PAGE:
National Cancer Institute NCI Cancer Bulletin: A Trusted Source for Cancer Research News
December 1, 2009 • Volume 6 / Number 23

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Special Issue: Cancer Research Training

NCI Trains Future International Research Leaders

Nearly 500 Visiting Fellows trained on the NCI campus at NIH in 2009, representing 59 different countries, most commonly China, India, Japan, South Korea, France, Italy, Israel, Germany, and Poland. Nearly 500 Visiting Fellows trained on the NCI campus at NIH in 2009, representing 59 different countries. Those with the greatest number, 4 or more, are represented here, but also included in the list are Visiting Fellows from Indonesia, Singapore, Thailand, Austria, Brazil, Bulgaria, Czech Republic, Egypt, Finland, Greece, Iceland, New Zealand, Philippines, Romania, Venezuela, Belgium, Bolivia, Colombia, Iran, Kenya, North Korea, Lebanon, Macedonia, Malaysia, Mexico, Mongolia, Netherlands, Niue, Norway, Peru, Serbia, Slovakia, South Africa, Sri Lanka, Tunisia, Ukraine, and Uruguay. Click to Enlarge.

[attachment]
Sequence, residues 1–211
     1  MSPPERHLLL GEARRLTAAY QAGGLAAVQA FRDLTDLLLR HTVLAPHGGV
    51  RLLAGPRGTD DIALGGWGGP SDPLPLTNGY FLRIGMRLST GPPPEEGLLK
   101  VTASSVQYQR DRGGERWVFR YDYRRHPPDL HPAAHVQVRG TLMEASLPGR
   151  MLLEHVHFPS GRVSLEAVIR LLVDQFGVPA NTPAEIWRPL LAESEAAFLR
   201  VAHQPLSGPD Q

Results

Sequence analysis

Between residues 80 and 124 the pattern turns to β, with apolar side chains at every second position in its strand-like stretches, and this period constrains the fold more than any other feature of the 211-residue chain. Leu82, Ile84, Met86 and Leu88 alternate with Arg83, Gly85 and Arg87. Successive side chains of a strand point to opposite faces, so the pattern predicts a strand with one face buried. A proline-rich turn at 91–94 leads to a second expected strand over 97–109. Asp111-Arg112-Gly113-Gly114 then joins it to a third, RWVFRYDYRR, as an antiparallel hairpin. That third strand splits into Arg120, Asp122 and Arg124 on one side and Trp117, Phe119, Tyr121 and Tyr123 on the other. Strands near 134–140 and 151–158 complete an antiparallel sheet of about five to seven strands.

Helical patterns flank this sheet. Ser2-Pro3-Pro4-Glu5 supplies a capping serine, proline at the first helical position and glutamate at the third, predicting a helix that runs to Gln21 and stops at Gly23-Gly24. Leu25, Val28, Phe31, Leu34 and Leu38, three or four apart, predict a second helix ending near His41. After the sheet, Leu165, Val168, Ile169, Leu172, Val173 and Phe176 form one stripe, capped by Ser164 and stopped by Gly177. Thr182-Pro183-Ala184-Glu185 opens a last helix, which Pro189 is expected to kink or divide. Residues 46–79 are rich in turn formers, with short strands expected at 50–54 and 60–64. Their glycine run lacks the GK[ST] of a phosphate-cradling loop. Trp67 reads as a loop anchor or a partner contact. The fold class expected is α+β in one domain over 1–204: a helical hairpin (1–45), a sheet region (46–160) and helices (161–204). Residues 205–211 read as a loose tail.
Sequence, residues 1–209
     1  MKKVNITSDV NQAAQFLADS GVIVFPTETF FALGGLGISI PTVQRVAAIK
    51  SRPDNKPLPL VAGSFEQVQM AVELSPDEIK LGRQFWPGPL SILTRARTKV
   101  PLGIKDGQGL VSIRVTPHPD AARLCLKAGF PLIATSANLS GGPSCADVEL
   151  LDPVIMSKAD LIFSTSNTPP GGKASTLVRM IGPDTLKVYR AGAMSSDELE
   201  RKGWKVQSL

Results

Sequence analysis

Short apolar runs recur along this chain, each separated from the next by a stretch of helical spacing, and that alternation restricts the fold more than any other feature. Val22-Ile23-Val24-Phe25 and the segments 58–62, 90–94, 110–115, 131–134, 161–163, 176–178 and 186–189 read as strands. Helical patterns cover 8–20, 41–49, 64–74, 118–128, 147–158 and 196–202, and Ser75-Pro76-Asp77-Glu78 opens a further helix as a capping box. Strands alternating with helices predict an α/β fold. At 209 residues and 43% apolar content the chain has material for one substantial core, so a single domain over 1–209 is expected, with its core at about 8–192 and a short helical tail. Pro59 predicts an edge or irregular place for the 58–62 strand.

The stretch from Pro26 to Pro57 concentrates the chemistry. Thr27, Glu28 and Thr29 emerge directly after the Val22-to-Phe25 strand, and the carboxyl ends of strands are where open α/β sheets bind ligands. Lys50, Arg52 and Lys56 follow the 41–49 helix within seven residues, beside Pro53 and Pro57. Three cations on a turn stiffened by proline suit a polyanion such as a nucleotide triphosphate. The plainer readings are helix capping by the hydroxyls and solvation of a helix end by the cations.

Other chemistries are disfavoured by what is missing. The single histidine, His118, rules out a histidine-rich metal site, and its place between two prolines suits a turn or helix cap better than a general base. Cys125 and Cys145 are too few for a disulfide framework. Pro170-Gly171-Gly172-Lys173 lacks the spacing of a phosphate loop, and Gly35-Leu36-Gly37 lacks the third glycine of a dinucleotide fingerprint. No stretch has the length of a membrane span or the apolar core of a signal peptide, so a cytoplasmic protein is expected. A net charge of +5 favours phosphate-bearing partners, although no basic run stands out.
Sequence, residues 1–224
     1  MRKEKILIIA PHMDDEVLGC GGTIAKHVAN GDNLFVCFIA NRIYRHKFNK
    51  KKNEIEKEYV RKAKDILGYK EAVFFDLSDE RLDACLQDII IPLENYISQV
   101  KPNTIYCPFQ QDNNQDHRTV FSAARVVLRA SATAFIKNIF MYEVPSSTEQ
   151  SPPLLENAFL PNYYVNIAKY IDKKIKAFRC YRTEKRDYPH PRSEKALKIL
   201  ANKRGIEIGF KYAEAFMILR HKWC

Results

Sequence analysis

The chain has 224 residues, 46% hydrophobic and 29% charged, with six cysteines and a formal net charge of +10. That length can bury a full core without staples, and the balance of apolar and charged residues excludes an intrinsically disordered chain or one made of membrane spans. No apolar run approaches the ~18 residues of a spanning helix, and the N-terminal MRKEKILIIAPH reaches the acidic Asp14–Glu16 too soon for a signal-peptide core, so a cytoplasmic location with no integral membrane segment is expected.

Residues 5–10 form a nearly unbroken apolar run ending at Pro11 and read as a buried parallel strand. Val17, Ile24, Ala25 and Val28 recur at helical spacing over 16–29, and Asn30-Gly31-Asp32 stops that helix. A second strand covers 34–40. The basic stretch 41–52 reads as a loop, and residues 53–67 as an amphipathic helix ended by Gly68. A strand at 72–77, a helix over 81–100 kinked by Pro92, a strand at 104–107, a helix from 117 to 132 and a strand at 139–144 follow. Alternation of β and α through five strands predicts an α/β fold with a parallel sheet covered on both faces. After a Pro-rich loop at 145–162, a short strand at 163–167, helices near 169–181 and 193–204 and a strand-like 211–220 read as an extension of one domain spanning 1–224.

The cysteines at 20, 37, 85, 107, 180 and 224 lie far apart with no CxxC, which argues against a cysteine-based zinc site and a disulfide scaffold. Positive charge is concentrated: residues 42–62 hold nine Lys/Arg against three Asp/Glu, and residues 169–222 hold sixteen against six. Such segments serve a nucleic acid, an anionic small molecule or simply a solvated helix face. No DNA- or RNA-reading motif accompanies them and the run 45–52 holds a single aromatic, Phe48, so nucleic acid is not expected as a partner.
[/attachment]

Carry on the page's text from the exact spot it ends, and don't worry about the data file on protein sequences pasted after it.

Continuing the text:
Since passage of the National Cancer Act of 1971, NCI has taken seriously its statutory mandate to support the training of foreign scientists in the United States. In FY 2008, the institute welcomed 926 visiting scientists from 84 countries who trained as fellows in NCI's laboratories and clinics or took intensive summer courses.